Convening last Wednesday, the Arts Undergraduate Society (AUS) Council adopted five motions and tabled another until its next meeting.
Amendment to the Equity Policy
The first motion concerned the AUS Equity Committee. The motion aimed to amend the AUS Equity Policy so that when Equity Officers attend AUS-affiliated events, including student orientation activities, it would not be at the expense of the Officers.
“Because it is the Equity Committee’s first year in existence, there [are] a lot of things that just needed to be sorted out in the bylaws. A lot of things didn’t really make sense in terms of implementation. So the goal of this was to be able to institute the things that the Equity Committee is supposed to be doing,” said AUS Equity Commissioner Hannah Sinclair in an interview with The Daily.
“It’s not fair to make someone pay $100 for Frosh, if they are going there in an official capacity,” Sinclair added.
AUS Equity Commissioner Josh Falek told The Daily that the lack of institutional support for equity during orientation week activities proved to be problematic, citing the fact that Equity Officers could not find out whether they could go to Frosh until two days before as evidence.
“We want to make sure that when the future administrations come through, Equity Officers can still go to all these events,” Falek said.
The motion was passed with four abstentions.
Standing committee endorsements during elections
AUS McGill Environment Council (AUSec) representative Maggie Cascadden brought forth an issue concerning endorsement of candidates by standing committees.
“AUSec just wanted to have this discussion to discuss whether or not it’s possible for different departments [...] to endorse candidates in any of the upcoming elections,” Cascadden explained to the Council.
According to AUS electoral bylaws, departmental associations may be allowed to endorse candidates through their mailing lists; however, at the time of the discussion, there was no specific bylaw regarding standing committees like AUSec.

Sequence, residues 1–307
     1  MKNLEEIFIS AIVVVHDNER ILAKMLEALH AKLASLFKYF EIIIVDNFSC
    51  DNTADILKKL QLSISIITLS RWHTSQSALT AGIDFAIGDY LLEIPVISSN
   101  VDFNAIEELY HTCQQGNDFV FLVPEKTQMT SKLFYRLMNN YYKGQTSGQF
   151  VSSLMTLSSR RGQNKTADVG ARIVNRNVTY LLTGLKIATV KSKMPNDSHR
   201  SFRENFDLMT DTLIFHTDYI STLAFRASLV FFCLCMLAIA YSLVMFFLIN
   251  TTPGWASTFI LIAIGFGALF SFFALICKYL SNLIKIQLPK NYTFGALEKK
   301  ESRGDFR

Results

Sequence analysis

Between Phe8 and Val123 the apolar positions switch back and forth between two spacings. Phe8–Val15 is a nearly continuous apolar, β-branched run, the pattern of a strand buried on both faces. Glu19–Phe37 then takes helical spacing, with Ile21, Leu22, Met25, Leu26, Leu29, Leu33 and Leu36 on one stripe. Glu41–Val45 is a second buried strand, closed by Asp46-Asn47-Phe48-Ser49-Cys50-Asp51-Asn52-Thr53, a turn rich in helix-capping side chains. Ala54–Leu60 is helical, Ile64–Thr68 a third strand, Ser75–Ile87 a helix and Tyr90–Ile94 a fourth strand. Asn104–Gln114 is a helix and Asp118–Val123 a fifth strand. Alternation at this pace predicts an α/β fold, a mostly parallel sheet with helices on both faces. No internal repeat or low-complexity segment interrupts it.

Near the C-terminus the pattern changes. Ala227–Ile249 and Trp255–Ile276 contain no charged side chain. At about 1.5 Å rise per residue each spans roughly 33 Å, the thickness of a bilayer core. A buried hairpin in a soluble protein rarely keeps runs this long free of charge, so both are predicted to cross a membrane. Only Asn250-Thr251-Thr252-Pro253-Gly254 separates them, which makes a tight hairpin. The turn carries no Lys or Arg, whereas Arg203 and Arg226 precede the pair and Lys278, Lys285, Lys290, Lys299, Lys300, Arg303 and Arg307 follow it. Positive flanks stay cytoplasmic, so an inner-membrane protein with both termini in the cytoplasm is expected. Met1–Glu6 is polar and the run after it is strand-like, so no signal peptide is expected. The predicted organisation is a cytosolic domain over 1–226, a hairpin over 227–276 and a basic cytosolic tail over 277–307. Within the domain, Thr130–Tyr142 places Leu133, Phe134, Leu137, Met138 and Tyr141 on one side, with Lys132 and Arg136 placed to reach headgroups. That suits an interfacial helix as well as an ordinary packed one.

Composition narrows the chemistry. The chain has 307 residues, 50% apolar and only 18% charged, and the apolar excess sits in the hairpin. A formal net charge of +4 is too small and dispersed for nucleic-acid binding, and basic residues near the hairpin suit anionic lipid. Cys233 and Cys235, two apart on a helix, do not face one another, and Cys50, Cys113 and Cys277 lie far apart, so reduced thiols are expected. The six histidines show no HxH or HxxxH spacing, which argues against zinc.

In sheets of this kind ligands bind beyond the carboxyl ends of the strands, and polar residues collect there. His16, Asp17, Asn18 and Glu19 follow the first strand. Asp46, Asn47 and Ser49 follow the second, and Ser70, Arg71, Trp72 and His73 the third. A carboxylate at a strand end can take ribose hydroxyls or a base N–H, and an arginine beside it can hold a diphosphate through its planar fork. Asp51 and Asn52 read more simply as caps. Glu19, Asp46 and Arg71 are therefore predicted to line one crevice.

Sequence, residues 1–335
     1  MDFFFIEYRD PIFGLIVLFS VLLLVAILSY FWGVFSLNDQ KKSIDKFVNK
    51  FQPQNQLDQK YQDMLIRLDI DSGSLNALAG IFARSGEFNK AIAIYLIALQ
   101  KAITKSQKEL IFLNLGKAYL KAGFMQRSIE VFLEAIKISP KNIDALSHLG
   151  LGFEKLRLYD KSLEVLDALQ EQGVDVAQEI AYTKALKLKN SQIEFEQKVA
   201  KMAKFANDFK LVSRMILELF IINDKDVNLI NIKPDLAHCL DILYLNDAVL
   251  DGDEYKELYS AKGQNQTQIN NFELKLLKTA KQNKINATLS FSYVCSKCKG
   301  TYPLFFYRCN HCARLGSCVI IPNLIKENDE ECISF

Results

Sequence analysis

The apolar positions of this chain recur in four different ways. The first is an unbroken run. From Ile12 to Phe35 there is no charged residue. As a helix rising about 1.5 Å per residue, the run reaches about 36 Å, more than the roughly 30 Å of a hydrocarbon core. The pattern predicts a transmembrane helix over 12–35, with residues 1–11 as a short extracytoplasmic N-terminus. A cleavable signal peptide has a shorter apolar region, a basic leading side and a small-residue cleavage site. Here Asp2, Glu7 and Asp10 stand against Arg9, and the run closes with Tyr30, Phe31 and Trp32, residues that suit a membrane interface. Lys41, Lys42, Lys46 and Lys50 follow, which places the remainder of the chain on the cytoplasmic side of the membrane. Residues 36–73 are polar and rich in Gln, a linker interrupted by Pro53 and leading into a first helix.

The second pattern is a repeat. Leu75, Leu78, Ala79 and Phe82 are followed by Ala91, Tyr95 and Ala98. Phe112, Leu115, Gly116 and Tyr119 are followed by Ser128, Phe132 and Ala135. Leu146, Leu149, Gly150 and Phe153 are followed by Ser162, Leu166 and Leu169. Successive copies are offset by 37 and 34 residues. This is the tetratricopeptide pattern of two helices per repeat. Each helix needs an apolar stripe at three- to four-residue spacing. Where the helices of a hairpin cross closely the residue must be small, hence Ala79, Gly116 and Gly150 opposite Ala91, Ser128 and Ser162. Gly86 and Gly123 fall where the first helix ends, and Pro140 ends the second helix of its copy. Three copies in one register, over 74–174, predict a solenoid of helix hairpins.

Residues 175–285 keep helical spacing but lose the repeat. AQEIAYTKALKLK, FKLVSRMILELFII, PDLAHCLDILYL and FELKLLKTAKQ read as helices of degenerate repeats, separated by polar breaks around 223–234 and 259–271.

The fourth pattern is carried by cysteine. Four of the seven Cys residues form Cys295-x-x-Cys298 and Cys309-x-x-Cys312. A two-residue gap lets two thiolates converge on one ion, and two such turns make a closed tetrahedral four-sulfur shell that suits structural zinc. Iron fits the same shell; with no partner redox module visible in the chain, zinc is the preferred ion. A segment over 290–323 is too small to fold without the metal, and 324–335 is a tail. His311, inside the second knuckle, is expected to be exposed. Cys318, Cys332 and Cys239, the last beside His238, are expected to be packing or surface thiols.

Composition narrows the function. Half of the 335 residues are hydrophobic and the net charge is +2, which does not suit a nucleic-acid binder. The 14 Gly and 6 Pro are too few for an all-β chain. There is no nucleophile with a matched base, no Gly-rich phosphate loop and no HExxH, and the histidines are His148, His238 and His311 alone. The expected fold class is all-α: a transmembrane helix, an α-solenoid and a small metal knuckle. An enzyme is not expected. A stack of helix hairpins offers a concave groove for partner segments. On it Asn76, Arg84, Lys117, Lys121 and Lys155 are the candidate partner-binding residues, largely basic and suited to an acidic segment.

AUS VP External Kareem Ibrahim expressed concern over the idea. “As a faculty association, I don’t think it’s the best idea to address candidates, especially given that there will be a lot of bias involved in it,” Ibrahim explained.
“We should try to avoid becoming so politicized in such a small network that is McGill campus,” added AUS VP Events Paul Laughlin.
“I think there is a certain merit to endorsements considering that our communities are supposed to represent student interests, and there might be situations in which certain candidates may be more into these interests,” AUS VP Internal Enbal Singer said to the Council.
Cascadden later explained to the Council that the reason she brought up the issue was because AUSec wanted to endorse candidates based on their environmental platforms.
After the discussion, Cascadden and Singer drafted a motion to amend the AUS electoral bylaws to state that standing committees are able to publicly endorse candidates in AUS elections.
In an email to The Daily, AUS President Justin Fletcher said, “I think it’s a good idea that some of our committees have a guaranteed ability in our bylaws to endorse candidates on matters pertinent to their portfolio’s mandate.”
“However, as with any endorsements, they must exercise caution and ensure that the endorsement is decided on in a fair manner, as endorsements can send a strong message to candidates and to the AUS membership,” added Fletcher.
The motion was adopted with four votes against and two abstentions.
The other motions passed included the adoption of the revised constitution of the McGill Psychology Students’ Association, an amendment to the Arts Undergraduate Improvement Fund Bylaws, and the adoption of the budget of the Arts Computer Lab Fund Committee.
The motion regarding the adoption of an ethical purchasing policy was tabled due to the absence of AUS VP Finance Samuel Higgs, and will be discussed at the next Council meeting on February 19